I'm studying $\lambda$-calculus and came across a problem that I'm not sure how to understand. More specifically, it's about evaluating $\lambda$-calculus expressions using $\beta$-reduction.
I was taught that the basic steps for performing $\beta$-reduction are to
Find reducible expressions in the form of ($\lambda x.$$e_1$) $e_2$.
Rewrite the expression by substituting every free occurrence of $x$ in $e_1$ with $e_2$.
I've solved some exercise problems which seemed fairly simple to understand, but came across one that I couldn't understand the answer.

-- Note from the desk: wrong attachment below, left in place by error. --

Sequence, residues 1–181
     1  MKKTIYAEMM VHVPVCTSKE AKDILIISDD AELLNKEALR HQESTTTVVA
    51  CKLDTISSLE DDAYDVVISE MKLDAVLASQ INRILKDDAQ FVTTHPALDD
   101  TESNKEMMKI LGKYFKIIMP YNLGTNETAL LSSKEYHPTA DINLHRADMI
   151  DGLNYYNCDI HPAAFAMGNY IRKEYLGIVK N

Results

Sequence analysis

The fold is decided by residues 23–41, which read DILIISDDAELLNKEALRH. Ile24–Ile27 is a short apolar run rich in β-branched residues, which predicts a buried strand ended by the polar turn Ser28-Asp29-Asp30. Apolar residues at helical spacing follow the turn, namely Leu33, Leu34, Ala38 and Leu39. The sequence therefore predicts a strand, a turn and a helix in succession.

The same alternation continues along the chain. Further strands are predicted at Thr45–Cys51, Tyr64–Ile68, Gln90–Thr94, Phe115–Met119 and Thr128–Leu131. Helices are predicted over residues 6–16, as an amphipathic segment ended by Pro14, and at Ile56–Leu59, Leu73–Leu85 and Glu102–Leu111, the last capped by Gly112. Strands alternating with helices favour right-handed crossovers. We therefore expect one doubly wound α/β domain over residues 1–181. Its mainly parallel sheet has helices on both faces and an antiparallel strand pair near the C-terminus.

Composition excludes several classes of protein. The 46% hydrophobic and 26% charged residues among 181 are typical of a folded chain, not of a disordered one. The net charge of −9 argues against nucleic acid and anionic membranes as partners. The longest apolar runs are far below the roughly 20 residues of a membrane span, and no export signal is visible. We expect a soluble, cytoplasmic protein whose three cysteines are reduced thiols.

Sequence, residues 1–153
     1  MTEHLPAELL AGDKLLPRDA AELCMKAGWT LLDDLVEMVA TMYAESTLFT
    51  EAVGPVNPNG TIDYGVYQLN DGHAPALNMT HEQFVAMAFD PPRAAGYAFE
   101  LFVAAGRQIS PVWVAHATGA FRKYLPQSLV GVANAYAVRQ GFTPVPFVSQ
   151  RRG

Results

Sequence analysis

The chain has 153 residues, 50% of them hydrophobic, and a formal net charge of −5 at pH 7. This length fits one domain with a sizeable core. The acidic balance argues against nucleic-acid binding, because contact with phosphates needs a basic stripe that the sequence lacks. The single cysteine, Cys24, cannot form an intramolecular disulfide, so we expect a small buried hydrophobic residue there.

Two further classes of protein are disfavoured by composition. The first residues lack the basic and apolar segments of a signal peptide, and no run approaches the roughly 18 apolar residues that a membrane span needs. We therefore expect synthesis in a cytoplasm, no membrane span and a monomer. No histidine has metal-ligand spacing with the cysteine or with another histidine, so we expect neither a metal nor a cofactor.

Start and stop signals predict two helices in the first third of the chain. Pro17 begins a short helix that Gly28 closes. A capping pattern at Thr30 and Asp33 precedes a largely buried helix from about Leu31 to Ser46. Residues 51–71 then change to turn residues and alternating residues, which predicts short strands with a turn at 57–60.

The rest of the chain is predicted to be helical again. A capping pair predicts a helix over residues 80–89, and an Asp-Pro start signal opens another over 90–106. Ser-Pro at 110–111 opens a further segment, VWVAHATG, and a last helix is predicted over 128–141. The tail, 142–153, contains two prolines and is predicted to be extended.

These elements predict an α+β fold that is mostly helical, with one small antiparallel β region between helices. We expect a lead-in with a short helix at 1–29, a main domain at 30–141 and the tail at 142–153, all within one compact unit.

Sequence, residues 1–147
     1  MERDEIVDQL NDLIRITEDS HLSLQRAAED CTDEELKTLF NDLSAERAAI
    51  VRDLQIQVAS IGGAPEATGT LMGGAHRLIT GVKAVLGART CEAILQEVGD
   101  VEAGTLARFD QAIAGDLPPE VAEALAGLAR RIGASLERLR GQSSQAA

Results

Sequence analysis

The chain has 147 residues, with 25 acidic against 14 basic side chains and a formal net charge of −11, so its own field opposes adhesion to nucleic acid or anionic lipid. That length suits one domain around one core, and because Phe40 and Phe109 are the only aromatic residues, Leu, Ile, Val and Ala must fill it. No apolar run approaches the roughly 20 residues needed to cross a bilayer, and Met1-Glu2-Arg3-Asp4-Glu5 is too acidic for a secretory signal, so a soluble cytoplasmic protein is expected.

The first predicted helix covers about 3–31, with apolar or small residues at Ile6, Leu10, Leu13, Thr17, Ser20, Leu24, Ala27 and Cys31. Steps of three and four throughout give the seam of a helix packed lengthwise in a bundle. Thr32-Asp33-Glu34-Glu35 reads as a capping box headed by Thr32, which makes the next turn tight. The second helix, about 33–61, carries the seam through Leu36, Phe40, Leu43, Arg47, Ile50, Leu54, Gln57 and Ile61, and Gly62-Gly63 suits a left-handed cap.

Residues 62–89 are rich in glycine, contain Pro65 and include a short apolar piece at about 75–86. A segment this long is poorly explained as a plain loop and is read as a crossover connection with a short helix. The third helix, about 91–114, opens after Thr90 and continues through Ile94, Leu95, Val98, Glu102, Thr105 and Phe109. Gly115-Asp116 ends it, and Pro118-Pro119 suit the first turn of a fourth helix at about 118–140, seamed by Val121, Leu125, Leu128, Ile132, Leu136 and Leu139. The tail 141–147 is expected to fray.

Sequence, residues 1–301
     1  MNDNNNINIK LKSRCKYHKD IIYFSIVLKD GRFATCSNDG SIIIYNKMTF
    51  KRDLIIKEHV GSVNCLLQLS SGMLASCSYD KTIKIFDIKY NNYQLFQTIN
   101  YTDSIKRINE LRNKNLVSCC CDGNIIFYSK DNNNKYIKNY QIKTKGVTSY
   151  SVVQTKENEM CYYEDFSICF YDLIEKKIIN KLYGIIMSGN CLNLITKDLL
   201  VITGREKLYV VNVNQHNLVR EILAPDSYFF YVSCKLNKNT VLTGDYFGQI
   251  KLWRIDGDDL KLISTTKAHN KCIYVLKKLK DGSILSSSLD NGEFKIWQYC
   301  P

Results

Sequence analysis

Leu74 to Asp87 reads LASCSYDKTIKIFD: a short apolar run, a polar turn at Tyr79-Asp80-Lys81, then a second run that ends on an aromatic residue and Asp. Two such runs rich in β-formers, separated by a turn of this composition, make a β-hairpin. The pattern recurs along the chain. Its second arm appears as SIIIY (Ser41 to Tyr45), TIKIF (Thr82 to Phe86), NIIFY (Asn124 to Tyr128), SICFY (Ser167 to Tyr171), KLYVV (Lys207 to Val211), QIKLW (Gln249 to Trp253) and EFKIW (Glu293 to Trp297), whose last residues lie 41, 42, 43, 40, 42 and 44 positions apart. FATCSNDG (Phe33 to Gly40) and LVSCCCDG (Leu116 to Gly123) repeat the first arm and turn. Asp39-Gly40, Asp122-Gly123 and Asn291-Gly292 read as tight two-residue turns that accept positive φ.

The expression in question is ($\lambda x.$($\lambda y.x$)) $y$, and after following the rules above I ended up with the result of $\lambda y.y$ after replacing the free occurrence of $x$ with $y$ in $\lambda y.x$. However, the correct answer seems to be $\lambda y.x$.
The rationale that I've been able to find is that before applying $\beta$-reduction, we have to change variables to be "unique."
Could someone explain the reasoning behind this for me please?